10 Lessons For Young Feminists
I was a teen in the '90s, and heavily influenced by Riot Grrrl feminism. Everything was DIY, dress how you want, and live with a militant independence. My feminism was raw, precocious, and wild. Now that I'm over 30, married, and have a son, I have a gift: I can look back at everything I experienced and see how it has made me the person I am today. I know a few more things now than I did when I was in high school or college student and, as a slightly older feminist, I wanted to share with you ten lessons I've learned about being a powerful woman.
10. You need to trust others — even though it's often the people closest to you who hurt you the worst. I have been verbally, physically, and sexually abused by people who claimed to be my protectors and friends. But the only way I grew as a human, the only way I healed and became strong was by trusting other people. Making oneself vulnerable is hard but worth it, despite whatever ugly things happen.
9. Reach out to all people, but especially to other women. Divisiveness is prevalent in groups of women, even (or especially) in feminist circles. But including some while shaming others is not helpful. Others have different perspectives for a reason. Don't shun them — try to understand them. I have learned so much from people different from myself and even with complete opposite views. I try to engage these other views on a daily basis.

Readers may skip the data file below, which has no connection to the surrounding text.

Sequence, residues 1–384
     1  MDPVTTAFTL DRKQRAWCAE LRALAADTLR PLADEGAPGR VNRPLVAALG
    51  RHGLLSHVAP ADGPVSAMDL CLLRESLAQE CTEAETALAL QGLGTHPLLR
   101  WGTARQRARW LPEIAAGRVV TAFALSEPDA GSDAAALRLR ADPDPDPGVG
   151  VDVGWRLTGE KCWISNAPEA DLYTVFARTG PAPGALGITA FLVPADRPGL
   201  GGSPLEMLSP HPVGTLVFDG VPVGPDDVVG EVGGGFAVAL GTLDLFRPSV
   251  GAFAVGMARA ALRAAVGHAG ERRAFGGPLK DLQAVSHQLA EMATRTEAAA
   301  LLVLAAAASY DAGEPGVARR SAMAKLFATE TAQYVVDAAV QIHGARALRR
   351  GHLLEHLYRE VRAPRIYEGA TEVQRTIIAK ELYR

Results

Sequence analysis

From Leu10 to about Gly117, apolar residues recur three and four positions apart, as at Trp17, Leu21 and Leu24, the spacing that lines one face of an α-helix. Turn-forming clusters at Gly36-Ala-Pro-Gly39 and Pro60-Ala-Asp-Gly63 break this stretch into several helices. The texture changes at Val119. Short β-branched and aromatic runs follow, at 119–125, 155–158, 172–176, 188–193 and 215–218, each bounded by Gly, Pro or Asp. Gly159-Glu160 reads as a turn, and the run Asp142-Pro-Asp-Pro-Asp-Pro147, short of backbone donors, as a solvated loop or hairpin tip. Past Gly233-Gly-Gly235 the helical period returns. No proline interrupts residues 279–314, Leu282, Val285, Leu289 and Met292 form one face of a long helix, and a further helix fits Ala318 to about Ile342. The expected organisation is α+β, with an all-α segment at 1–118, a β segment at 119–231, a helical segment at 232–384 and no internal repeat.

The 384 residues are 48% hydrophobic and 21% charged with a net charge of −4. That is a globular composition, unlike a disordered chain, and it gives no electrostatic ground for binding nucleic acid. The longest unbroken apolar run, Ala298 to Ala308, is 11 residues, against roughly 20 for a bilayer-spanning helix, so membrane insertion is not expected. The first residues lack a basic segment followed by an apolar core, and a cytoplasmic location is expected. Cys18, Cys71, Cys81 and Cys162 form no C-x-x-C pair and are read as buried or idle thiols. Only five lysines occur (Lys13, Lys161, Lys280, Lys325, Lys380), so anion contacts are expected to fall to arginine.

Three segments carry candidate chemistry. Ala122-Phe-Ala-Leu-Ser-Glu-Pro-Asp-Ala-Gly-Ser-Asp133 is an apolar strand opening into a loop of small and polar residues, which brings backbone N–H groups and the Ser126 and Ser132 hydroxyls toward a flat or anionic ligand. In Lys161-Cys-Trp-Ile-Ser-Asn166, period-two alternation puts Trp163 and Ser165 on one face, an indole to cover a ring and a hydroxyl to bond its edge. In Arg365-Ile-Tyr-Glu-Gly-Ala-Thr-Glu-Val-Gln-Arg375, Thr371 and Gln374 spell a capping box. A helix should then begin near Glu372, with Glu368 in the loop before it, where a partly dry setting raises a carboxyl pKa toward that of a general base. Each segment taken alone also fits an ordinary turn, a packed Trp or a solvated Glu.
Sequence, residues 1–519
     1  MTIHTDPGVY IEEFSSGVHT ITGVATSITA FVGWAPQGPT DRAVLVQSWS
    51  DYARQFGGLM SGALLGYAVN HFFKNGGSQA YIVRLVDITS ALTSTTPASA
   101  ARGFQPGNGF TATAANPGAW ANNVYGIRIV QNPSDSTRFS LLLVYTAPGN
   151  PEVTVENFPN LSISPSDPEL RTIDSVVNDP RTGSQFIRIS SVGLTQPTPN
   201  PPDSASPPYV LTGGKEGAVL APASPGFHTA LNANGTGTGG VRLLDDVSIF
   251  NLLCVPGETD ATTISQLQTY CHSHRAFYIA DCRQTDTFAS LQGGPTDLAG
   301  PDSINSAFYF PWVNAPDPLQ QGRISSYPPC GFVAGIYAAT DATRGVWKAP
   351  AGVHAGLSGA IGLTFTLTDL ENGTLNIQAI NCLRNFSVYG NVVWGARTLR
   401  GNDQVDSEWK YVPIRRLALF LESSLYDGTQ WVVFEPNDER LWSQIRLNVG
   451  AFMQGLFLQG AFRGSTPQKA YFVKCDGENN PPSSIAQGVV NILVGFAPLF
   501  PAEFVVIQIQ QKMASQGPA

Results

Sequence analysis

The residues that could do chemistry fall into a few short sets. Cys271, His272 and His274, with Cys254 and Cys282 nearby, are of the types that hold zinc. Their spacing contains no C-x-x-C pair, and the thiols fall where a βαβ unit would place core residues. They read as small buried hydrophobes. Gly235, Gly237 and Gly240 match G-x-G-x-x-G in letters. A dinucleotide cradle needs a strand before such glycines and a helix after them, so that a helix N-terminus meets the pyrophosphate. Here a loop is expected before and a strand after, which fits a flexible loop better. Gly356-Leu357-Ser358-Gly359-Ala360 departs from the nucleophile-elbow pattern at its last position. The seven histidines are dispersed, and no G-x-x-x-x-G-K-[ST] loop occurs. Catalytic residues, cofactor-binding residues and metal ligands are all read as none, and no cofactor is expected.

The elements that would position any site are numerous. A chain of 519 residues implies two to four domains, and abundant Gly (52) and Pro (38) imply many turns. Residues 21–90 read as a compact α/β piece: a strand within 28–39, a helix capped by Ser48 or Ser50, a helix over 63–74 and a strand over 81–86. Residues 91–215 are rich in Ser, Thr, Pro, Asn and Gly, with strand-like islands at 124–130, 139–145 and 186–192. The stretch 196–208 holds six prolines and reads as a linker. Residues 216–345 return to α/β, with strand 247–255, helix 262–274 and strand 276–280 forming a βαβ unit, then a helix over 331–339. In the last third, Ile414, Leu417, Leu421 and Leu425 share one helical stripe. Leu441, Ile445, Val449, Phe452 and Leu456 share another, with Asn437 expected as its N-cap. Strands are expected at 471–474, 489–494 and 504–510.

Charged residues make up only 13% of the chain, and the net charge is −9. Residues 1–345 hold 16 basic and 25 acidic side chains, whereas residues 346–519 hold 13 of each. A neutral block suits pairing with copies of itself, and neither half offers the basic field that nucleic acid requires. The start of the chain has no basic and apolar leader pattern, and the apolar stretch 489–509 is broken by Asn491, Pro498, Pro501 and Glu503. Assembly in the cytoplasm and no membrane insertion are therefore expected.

8. Childbirth is amazing. I know that a lot of feminists have strong views on this subject and that not every woman wants to or can be a mother for a variety of reasons. That said, I believe we can uphold the belief that women should not and do not have to have children at the same time that we respect that pregnancy and birth is a unique and incredible experience for many. It is something that men simply can't do and as such should be valued as a sacred, special experience. While pregnant, I was afraid of childbirth, of the unknown. But I knew that women have been birthing forever. I educated myself and committed to a natural birth. In the midst of my birth, I recognized I was a part of creation, participating in a simultaneously rare and widely held rite. And when I held my son for the first time, I marveled at the power of mothers the world over.
7. No matter what anyone says, your voice has value. You may be wrong. You may be saying something someone else has said. But never, absolutely never, let someone tell you to shut up or steal your words. Your experience makes your voice unique and worthy of speaking. I used to think my contributions to class discussions were obvious because those observations were obvious to me. Then one day a classmate told me they really appreciated my perspective because they never considered it. I learned then how important it was for me — and for all of us — to speak up.